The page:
Stephen J. Kim, MD1; Ingrid U. Scott, MD, MPH2; Gary C. Brown, MD, MBA3,4,5; Melissa M. Brown, MD, MBA3,4,6; Allen C. Ho, MD7; Michael S. Ip, MD8; Franco M. Recchia, MD9
Ophthalmology, February 2013, Vol 120, 371-378 © 2013 by the American Academy of Ophthalmology. Click here for free access to the OTA.
Reviewed for currency: 2018.
Objective: To evaluate the available evidence in peer-reviewed publications about the outcomes and safety of interventions for toxoplasma retinochoroiditis (TRC).
Methods: Literature searches of the PubMed and the Cochrane Library databases were last conducted on July 20, 2011 with no date restrictions. The searches retrieved 275 unique citations, and 36 articles of possible clinical relevance were selected for full text review. Of these 36 articles, 11 were deemed sufficiently relevant or of interest, and they were rated according to strength of evidence.
Results: Eight of the 11 studies reviewed were randomized controlled studies, and none of them demonstrated that routine antibiotic or corticosteroid treatment of TRC favorably affects visual outcomes or reduces lesion size. There is level II evidence from 1 study suggesting that long-term treatment with trimethoprim and sulfamethoxazole prevented recurrent disease in patients with chronic relapsing TRC. Adverse effects of antibiotic treatment were reported in as many as 25% of patients. There was no evidence supporting the efficacy of other nonmedical treatments such as laser photocoagulation.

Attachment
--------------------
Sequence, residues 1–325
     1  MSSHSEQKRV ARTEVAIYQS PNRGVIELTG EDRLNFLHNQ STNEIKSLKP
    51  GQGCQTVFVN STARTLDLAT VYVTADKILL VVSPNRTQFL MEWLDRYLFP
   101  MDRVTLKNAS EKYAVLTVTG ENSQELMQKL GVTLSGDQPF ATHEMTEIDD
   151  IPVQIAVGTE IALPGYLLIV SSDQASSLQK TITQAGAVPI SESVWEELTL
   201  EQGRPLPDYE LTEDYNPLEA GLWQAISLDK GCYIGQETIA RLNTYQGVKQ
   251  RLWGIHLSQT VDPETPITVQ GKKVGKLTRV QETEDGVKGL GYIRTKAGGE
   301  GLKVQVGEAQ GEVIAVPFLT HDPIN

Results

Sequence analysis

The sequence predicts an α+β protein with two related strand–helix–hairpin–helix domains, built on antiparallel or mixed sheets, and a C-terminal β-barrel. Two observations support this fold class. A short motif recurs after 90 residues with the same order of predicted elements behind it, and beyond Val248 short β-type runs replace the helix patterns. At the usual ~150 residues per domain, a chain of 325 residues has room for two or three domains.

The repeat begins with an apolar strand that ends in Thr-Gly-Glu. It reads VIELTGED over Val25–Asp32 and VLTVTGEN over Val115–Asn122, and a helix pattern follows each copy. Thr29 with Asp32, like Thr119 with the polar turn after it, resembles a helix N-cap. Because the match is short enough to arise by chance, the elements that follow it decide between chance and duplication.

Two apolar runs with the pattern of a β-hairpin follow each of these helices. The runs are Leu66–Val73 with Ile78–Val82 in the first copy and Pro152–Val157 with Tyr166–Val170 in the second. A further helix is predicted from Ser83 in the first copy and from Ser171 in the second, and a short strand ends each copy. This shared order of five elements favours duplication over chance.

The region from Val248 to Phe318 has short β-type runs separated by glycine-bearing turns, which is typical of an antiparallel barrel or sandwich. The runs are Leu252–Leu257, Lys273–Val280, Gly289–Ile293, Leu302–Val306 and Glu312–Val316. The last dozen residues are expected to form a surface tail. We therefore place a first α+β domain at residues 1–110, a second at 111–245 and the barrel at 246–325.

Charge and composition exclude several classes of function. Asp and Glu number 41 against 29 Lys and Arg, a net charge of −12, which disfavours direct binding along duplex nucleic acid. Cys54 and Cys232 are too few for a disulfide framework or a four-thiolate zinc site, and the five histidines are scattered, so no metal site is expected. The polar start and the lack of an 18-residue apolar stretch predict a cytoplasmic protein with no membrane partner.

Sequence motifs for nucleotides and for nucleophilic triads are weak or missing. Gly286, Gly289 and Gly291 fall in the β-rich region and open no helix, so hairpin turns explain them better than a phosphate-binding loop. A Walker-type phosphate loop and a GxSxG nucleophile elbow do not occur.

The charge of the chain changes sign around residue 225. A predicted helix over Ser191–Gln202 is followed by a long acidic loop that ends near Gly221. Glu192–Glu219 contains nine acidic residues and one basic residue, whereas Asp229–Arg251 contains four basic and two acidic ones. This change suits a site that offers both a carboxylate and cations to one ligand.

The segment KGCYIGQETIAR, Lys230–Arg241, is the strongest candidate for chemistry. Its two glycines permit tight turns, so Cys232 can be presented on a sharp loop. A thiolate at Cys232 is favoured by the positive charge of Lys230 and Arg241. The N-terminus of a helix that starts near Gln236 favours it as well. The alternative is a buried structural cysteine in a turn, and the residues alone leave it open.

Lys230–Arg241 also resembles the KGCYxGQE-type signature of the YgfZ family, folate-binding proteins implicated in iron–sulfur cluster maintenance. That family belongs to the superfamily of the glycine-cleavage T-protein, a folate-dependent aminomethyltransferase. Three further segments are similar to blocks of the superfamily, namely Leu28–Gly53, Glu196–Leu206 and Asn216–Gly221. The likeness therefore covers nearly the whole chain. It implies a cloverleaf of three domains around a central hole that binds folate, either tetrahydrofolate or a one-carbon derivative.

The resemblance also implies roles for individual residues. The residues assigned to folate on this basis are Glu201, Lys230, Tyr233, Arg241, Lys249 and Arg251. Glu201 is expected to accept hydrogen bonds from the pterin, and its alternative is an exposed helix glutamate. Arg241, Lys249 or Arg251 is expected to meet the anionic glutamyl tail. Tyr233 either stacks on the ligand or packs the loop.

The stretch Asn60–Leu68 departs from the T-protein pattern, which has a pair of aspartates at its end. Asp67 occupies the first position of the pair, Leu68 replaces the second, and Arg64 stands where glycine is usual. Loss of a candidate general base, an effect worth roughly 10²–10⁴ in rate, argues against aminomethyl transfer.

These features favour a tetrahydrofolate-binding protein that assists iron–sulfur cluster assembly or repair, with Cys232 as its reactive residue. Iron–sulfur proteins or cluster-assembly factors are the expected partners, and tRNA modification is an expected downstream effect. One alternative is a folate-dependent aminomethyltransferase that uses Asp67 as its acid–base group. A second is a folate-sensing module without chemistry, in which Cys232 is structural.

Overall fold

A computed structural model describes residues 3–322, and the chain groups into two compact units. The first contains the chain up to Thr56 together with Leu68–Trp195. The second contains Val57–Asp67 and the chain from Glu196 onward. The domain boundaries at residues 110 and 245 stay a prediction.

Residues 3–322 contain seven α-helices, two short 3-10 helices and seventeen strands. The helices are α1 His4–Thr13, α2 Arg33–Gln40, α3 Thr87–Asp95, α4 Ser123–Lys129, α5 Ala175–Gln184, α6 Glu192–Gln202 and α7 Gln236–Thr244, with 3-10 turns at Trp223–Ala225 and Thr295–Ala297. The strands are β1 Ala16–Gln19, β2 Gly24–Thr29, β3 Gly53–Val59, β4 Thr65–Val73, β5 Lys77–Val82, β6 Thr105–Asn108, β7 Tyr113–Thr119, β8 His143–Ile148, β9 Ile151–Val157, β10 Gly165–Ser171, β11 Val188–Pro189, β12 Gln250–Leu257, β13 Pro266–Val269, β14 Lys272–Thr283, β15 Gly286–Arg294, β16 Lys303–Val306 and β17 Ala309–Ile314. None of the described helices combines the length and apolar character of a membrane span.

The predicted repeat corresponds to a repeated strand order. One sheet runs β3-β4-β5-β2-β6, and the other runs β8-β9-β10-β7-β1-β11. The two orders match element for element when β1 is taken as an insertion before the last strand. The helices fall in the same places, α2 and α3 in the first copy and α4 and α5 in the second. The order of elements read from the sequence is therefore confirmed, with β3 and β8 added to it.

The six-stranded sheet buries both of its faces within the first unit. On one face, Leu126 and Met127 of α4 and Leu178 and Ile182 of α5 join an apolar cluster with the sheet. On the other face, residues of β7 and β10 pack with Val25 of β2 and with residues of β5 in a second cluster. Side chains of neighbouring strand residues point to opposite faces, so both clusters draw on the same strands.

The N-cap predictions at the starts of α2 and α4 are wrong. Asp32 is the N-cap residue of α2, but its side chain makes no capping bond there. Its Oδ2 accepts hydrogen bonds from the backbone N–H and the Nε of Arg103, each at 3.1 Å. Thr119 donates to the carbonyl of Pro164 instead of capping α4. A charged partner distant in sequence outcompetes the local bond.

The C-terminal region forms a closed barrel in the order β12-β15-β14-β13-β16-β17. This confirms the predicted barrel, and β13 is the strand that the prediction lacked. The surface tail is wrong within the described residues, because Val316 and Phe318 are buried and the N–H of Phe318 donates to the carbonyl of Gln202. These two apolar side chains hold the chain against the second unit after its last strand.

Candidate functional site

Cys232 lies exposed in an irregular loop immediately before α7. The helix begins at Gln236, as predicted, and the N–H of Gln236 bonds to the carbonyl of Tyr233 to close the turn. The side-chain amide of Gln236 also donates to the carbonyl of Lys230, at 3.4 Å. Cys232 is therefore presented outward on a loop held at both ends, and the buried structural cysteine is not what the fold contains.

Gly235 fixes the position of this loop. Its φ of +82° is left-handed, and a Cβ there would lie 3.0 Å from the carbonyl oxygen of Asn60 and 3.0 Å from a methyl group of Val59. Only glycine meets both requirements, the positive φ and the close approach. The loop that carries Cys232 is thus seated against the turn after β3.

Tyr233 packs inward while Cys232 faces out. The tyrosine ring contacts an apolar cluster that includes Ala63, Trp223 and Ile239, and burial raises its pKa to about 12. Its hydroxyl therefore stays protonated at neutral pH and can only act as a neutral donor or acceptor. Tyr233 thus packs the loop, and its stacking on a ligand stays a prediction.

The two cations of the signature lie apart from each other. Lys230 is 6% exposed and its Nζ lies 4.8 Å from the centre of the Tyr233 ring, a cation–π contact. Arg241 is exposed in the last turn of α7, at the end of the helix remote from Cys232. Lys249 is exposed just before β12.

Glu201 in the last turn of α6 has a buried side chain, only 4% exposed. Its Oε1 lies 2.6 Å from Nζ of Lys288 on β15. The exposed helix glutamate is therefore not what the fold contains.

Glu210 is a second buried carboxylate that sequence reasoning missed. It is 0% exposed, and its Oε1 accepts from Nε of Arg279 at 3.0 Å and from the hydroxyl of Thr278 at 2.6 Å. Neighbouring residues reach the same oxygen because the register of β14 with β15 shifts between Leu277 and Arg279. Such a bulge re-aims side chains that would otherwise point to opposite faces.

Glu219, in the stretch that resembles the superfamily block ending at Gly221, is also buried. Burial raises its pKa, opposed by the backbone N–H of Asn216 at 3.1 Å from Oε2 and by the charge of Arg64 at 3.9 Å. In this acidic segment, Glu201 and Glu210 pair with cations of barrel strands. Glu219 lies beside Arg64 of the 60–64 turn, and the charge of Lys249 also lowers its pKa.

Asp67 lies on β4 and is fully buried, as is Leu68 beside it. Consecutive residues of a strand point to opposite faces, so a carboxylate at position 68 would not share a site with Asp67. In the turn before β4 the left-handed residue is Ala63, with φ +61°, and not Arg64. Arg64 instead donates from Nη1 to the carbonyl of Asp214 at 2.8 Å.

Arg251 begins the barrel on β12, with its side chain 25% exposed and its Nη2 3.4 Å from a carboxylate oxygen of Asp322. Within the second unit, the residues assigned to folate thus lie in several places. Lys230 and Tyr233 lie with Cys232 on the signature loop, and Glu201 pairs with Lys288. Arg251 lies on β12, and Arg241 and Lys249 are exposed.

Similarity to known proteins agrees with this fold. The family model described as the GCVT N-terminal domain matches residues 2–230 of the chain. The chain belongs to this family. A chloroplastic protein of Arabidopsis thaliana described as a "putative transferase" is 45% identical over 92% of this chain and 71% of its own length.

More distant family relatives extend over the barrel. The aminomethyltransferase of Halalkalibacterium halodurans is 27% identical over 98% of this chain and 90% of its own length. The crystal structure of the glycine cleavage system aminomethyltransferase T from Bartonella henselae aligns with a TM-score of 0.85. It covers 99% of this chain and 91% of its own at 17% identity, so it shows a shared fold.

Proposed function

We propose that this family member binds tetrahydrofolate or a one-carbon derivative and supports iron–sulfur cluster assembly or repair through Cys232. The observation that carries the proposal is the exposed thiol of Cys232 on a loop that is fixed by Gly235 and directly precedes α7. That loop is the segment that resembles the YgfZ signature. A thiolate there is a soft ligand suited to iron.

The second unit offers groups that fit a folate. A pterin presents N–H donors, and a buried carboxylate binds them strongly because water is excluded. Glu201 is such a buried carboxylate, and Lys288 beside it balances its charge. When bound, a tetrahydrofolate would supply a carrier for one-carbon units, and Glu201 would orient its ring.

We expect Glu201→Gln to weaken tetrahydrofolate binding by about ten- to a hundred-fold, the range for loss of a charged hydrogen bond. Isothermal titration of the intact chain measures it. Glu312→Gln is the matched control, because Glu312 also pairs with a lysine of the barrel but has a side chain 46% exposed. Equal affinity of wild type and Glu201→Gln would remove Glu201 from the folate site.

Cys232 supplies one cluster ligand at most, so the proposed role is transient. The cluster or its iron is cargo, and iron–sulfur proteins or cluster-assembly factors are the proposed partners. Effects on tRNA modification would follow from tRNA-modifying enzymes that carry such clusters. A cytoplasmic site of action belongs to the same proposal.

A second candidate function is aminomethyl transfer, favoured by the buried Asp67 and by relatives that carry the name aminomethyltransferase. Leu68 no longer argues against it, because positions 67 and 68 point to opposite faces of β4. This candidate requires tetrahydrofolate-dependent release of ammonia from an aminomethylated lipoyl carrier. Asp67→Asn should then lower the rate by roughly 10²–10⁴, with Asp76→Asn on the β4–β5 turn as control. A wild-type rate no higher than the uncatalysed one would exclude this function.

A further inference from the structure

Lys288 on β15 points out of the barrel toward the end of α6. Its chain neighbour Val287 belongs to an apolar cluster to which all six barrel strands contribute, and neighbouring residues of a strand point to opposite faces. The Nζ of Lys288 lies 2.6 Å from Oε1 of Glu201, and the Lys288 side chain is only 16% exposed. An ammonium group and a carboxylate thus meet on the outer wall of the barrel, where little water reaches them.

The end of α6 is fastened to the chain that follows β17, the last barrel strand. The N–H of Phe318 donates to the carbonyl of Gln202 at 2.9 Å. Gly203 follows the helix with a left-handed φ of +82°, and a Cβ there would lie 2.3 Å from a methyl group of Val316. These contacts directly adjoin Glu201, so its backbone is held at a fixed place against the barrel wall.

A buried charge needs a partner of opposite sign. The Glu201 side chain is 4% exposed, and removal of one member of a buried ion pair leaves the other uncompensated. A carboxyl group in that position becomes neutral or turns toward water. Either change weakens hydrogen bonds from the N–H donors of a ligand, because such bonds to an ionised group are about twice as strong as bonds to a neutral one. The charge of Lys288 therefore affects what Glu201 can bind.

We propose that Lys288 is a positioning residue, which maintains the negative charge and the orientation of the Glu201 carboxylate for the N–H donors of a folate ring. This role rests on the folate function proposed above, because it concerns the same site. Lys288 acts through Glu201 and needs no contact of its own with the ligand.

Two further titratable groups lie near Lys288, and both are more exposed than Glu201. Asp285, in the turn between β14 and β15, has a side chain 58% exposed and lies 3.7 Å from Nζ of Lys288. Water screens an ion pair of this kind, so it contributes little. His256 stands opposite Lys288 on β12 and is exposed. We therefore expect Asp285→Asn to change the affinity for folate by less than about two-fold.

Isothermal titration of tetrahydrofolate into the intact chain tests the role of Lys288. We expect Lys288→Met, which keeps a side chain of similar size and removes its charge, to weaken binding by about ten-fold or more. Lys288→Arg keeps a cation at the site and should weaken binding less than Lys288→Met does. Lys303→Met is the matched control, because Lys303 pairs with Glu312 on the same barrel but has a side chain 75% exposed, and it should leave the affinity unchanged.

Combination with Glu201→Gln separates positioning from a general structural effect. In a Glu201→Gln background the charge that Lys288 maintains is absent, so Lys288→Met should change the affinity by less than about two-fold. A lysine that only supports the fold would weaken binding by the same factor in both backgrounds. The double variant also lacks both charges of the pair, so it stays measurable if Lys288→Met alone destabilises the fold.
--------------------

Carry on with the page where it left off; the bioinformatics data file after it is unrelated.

Conclusions: There is a lack of level I evidence to support the efficacy of routine antibiotic or corticosteroid treatment for acute TRC in immunocompetent patients. There is level II evidence suggesting that long-term prophylactic treatment may reduce recurrences in chronic relapsing TRC. Adverse effects of certain antibiotic regimens are freqent, and patients require regular monitoring and timely discontinuation of the antibiotic in some cases.
1Department of Ophthalmology, Vanderbilt University School of Medicine, Nashville, Tennessee
2Departments of Ophthalmology and Public Health Sciences, Penn State College of Medicine, Hershey, Pennsylvania
3Center for Value Based Medicine, Flourtown, Pennsylvania
4Eye Research Institute, Philadelphia, Pennsylvania
5The Retina Service, Wills Eye Institute, Jefferson Medical College, Philadelphia, Pennsylvania
6Research Department, Wills Eye Institute, Jefferson Medical College, Philadelphia, Pennsylvania
7Mid Atlantic Retina, Wills Eye Institute, Philadelphia, Pennsylvania
8University of Wisconsin Medical School, Madison, Wisconsin
9Tennessee Retina PC, Nashville, Tennessee